It’s the Final Shutdown

Recently, I’ve been learning about shutting down, particularly in the context of a relationship. That awkward, hurtful silence as you realise something has gone awry.

Opening up is difficult, especially when you’re very upset or pissed off, and you just can’t seem to find the right words to express yourself, if indeed you wish to express yourself at all!

The situation may become more complicated when tricky mental health issues are involved. As someone with OCD, anxiety issues, and a history of depression, I’m only too aware as to how these sort of problems can skew an already difficult moment in relationships and friendships.

Unfortunately, shutting down often has a consequence. If I talk to you about something that you’re insecure about, and something I say “triggers” you, thus leading you to shut down and feel upset, then it’s problematic.

Why?

Because when someone shuts down like that, the other person doesn’t know how to react; the person being blocked out has no facts on which to base his or her thoughts and feelings, which leads to confusion, frustration, and sometimes even aggravation.

But wait!

This can be resolved with some careful communication. Even just a word or two from the person who has shut down—and an understanding approach from your partner—can make the world of difference.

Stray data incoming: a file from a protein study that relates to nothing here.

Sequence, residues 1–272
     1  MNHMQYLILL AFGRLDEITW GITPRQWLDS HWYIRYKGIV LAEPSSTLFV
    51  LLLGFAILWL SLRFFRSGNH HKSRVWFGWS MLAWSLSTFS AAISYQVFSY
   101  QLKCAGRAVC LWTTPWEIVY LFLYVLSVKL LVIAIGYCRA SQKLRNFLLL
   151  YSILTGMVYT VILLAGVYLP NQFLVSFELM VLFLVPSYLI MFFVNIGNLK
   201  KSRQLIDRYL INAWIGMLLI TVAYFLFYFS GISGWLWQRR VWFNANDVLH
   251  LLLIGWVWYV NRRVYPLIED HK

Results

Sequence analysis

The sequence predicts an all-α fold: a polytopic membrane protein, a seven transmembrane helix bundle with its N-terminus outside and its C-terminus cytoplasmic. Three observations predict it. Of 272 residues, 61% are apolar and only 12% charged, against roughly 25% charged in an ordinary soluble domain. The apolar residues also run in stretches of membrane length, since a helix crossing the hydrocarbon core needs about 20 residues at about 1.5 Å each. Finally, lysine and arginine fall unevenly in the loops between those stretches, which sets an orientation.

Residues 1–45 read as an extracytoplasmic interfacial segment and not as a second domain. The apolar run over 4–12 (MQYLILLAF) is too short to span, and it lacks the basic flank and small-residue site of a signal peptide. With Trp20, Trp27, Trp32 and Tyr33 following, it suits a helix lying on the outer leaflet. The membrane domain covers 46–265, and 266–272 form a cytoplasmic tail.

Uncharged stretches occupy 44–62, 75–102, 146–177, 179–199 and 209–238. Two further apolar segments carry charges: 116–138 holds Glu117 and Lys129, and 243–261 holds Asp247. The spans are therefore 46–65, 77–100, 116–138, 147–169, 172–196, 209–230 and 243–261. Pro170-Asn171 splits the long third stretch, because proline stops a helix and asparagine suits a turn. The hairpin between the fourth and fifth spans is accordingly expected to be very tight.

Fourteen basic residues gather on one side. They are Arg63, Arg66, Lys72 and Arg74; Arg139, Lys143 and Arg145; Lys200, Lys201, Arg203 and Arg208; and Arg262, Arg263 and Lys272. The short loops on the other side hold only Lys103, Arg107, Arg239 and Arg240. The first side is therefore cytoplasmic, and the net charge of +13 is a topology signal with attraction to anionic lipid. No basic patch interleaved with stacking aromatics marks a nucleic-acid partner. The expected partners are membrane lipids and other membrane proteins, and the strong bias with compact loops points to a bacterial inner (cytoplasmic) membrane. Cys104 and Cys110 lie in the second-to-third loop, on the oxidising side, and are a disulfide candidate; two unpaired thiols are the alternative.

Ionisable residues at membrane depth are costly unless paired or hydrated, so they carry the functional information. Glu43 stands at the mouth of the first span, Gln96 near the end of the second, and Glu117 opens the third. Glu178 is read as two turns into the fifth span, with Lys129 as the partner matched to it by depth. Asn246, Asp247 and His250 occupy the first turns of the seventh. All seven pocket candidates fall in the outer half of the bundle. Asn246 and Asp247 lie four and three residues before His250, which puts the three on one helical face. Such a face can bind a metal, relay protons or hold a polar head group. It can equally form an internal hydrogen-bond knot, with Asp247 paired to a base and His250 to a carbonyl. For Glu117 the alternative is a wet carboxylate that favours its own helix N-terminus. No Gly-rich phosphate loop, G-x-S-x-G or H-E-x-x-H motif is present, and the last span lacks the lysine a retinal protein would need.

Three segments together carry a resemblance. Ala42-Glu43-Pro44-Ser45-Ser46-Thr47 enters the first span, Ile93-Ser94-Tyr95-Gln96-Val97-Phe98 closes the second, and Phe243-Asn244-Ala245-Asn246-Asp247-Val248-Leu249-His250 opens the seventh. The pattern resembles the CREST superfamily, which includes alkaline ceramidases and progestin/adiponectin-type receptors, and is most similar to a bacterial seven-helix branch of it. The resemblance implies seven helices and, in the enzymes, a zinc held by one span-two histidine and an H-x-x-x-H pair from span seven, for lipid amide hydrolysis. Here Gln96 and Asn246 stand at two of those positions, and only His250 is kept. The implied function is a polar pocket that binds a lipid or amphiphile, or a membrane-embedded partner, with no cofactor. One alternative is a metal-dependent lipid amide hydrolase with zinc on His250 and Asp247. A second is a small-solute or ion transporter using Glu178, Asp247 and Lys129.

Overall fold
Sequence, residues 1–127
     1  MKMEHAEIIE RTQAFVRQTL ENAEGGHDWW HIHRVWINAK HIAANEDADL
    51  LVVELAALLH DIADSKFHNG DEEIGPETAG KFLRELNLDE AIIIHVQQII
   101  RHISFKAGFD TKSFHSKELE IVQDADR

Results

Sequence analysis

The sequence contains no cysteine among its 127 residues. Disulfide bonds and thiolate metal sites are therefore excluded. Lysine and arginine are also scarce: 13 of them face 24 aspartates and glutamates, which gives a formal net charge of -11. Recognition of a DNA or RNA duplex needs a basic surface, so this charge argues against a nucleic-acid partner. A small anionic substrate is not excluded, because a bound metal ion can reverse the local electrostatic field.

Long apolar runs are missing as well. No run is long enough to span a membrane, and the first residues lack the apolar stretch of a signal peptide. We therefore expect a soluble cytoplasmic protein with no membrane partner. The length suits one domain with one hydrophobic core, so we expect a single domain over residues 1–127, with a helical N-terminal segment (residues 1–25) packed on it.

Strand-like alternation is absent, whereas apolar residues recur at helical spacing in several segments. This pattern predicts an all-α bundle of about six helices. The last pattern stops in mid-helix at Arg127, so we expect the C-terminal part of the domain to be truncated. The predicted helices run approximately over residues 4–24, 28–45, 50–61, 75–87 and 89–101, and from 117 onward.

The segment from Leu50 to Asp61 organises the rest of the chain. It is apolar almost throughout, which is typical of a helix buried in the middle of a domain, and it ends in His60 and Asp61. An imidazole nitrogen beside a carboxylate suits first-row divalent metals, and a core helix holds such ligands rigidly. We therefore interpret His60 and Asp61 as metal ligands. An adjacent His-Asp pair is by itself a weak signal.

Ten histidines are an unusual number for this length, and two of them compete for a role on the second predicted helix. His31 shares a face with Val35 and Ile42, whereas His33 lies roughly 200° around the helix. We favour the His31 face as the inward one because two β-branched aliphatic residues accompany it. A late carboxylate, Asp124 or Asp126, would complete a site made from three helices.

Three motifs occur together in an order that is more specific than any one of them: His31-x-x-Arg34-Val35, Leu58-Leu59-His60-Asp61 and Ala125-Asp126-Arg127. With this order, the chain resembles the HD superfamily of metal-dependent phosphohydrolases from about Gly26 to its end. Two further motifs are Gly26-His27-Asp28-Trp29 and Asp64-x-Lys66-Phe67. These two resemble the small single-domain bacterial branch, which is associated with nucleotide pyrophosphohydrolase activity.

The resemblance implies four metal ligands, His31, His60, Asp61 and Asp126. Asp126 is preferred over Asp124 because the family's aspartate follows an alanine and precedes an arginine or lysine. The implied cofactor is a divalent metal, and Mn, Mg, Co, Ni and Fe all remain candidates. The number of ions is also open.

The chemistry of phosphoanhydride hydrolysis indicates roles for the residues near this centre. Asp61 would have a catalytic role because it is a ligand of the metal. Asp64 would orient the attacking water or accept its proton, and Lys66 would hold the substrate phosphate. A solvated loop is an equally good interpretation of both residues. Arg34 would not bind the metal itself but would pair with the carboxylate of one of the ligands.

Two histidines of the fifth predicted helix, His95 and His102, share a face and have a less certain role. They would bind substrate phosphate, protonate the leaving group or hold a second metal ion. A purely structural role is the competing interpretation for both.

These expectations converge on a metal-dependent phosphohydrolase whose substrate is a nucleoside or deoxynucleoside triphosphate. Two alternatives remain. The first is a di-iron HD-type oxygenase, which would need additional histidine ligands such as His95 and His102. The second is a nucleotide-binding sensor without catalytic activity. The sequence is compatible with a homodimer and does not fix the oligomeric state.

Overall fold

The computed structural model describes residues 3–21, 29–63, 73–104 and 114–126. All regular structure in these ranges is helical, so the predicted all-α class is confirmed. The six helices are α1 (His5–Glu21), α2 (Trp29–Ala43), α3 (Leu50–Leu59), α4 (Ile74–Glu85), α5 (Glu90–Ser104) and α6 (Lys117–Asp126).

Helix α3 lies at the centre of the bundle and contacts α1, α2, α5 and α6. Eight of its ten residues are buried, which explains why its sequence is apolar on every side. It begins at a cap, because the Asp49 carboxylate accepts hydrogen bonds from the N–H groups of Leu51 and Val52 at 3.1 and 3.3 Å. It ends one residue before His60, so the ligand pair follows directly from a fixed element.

Let’s say I tell you something that nudges your insecurities and you find yourself getting upset. You could then tell me “I’m feeling insecure,” or something to that effect, then it would very likely prevent my brain from jumping to the conclusion that I’ve totally and utterly screwed the pooch. Incidentally, who would screw a pooch?

Communication is so key because miscommunication can be damaging. Without clarifying misunderstandings, we can be lead to believe and react to all sorts of silly things that may be no more true than the sky being made out of chocolate. Mmm.

I was once in a relationship with someone who would frequently shut down on me. In my young ignorance, I handled it badly. I didn’t understand, and I didn’t know how to deal with that sort of thing. As a result, I became bitter and felt as though I couldn’t say anything for fear that it would be the wrong thing. While I did feel a similar way recently, I had the experience and foresight to deal with it better.

With that in mind, I recently ran into this situation in which mein Schatzi shut down on me a couple of nights ago. The situation was not handled well, because communication went entirely out of the window, leaving me confused (as to what I did wrong, for the most part) and frustrated, then eventually upset and annoyed. Once again, I went through that fear that anything I say could make her feel like crap; because of this, I myself started shutting down. I felt shut out, which doesn’t feel great.

There’s a happy ending here, I believe. We did talk very recently and the problem came to light—it actually wasn’t me, but rather, something with which she struggles and has done for a long time. Praise Jebus! A real problem became only a hurdle over which to leap. Progress was made, and we’ve began healing, now having more understanding and more strength as a couple.